The regional differences inside the country can mostly be explained by climate conditions. Now, how can we all reduce our part in this energy consumption. Some slight changes in thermostat and minor changes in driving patterns could be the first tentative steps. Lower driving speeds by as little as 5 mph can lead to 5% less gas consumption. Longer term, more public transportations, smaller houses would be a step in the right direction. Let us all do our part.

  5. California has long been a leader in the renewable energy arena. Round the turn of the lasr century it was common to see pipes of water thermally heated by the sun in many homes. In fact when I bought my home the pool water was adequatly heated by such a system. A very simple system, easy to maintain and low cost to boost.

    PG&E, our largest energy supplier currently supplies 12% of its energry from renewable sources (solar, wind, biomass, hydroelectric, geothermal) under California’s Renewable Portfolio Standard (RPS) – one of the highest volumes of any utility in the United States. In addition, more than 50 percent of the electricity that PG&E delivers to its customers comes from generating resources that emit no or low carbon dioxide, the primary contributor to global warming. California’s has one of the stringest emission laws for cars, which has significantly helped clean up our urban air pollution.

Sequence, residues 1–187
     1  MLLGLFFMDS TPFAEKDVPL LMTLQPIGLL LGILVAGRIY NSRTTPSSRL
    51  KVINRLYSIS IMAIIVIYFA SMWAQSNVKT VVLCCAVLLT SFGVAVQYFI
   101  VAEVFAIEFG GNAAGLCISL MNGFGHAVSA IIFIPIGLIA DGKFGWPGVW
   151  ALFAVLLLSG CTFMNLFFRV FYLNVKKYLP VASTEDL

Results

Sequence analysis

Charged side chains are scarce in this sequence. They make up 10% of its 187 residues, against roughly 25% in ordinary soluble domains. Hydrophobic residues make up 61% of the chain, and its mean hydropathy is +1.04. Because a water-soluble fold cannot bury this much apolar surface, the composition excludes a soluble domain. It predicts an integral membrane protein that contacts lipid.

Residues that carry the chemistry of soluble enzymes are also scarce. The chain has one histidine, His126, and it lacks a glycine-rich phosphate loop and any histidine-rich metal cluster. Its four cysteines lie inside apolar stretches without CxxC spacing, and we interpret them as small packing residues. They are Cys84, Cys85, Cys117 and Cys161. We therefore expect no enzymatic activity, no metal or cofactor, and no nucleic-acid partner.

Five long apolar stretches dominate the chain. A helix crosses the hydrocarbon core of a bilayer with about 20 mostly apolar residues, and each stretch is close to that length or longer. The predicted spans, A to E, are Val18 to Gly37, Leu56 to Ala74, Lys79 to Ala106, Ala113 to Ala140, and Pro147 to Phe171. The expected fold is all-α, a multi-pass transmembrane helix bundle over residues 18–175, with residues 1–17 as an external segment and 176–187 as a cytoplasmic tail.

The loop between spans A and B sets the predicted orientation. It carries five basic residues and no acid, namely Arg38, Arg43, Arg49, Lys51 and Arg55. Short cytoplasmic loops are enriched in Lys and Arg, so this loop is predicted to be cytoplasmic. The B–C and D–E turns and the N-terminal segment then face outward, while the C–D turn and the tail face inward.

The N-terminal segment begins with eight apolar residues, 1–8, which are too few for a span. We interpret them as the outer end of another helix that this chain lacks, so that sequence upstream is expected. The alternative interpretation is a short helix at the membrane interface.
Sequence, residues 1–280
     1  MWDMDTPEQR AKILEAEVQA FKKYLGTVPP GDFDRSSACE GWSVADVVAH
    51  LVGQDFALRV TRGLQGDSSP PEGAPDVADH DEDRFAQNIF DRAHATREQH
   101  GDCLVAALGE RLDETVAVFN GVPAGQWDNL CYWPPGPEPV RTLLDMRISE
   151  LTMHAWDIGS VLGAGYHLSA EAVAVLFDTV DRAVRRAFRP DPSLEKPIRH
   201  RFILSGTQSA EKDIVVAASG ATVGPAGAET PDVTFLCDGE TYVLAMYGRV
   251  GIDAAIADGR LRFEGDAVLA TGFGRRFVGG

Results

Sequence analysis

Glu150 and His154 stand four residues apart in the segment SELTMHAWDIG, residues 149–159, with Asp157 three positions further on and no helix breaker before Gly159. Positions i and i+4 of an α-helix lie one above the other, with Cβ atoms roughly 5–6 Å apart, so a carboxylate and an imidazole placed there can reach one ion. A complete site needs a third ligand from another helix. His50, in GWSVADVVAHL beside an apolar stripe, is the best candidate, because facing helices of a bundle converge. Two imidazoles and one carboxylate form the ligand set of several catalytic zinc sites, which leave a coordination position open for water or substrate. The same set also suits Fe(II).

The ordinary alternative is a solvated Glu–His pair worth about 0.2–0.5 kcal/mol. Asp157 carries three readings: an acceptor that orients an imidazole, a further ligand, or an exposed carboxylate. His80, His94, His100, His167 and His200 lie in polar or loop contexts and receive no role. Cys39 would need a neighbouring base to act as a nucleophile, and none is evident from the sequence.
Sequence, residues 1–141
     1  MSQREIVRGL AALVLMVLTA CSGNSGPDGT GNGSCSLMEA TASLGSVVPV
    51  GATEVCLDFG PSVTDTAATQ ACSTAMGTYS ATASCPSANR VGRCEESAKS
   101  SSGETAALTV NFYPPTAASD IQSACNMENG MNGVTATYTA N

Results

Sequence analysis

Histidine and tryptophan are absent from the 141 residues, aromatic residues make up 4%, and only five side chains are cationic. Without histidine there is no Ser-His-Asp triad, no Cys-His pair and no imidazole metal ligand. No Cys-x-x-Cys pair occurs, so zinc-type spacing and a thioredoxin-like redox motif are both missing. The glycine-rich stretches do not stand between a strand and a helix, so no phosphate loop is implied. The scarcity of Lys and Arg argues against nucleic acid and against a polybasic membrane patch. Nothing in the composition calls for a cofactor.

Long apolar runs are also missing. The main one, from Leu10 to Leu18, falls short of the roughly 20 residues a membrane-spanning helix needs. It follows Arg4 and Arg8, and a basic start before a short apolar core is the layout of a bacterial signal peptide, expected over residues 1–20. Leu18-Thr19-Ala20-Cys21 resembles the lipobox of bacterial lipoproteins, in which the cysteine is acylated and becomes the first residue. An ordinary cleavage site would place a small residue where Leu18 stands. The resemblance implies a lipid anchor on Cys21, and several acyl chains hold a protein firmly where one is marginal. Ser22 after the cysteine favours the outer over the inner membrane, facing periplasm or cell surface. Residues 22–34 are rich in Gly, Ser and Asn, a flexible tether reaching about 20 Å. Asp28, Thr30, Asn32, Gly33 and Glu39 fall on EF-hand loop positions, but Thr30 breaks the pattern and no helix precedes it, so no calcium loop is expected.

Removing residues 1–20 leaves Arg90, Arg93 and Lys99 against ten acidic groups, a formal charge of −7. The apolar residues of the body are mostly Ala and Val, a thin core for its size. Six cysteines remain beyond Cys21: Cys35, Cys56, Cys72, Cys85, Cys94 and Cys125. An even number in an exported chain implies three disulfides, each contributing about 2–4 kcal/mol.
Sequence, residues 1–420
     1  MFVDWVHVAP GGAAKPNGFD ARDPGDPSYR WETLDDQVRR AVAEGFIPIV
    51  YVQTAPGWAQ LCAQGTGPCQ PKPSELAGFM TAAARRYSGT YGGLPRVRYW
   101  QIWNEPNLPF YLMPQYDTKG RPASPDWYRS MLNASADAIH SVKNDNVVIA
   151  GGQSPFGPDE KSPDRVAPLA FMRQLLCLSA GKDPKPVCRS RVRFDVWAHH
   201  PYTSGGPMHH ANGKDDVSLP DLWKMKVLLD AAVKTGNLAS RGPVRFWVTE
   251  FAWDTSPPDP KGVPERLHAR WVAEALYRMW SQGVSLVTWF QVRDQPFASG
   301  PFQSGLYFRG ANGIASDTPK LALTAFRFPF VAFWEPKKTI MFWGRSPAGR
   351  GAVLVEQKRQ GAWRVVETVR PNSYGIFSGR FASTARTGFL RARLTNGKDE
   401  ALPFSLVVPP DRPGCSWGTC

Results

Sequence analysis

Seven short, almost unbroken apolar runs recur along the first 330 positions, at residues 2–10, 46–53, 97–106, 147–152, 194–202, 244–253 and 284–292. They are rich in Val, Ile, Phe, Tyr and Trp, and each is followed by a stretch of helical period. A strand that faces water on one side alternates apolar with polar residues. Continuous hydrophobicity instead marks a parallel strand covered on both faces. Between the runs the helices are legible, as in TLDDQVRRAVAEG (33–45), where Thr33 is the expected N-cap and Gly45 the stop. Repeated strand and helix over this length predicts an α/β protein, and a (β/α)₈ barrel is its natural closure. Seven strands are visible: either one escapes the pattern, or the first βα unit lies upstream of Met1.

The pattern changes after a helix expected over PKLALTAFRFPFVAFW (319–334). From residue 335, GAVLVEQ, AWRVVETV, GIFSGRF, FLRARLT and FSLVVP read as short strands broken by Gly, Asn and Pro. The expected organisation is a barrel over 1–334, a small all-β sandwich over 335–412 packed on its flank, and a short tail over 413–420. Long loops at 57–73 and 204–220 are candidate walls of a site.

Recently the Milpitas Unified School District, in collaboration with Chevron and Bank of America, installed solar panels at 14 different sites that will reduce by 75% the electricoity needs of the school district and cut costs by $12 Million annually. The energy generated is expected to satisfy 100% the districts peak power needs in the summer months when demand is the highest. The solar panels were installed in the parking lots providing shade to cars and personnel.

    California’s RPS program requires its each utility to increase the renewable energy component of the power supplied by 1% of load per year.

  6. Colorado – The State
    At a recent presentation (March 12, 2009) at our State Capitol Governor Ritter along with Robert Kennedy, Jr. highlighted that our state is a major leader in the Renewable Energy Economy. Past efforts by many key people in this state has broadened our economic base and drawn key contributors to our state.
    Vestas, which is one of the biggest wind turbine manufacturers in the world, has placed confidence in us by building 3 facilities in Colorado that will employ 2500 people not counting supporting businesses and their manufacturing facility in Pueblo will be the world’s largest producer of towers.
    Just by attending a few meeting and noticing the explosive growth of attendees at renewable energy programs as well as continuous business articles, it is clear that Colorado is in the spot light.

  7. I think Colorado is an ideal State to set an example for many other States to emulate as Colorado, led By Governer Ritter’s team, has initiated many energy efficiency programs. With a comprehensive plan that identifies the best programs, we can now take it to the next level. A comprehensive vision and a detailed deployment plan that incorporates accountability and Return on Investment may help Colorado get more follow-on Stimulus Funds.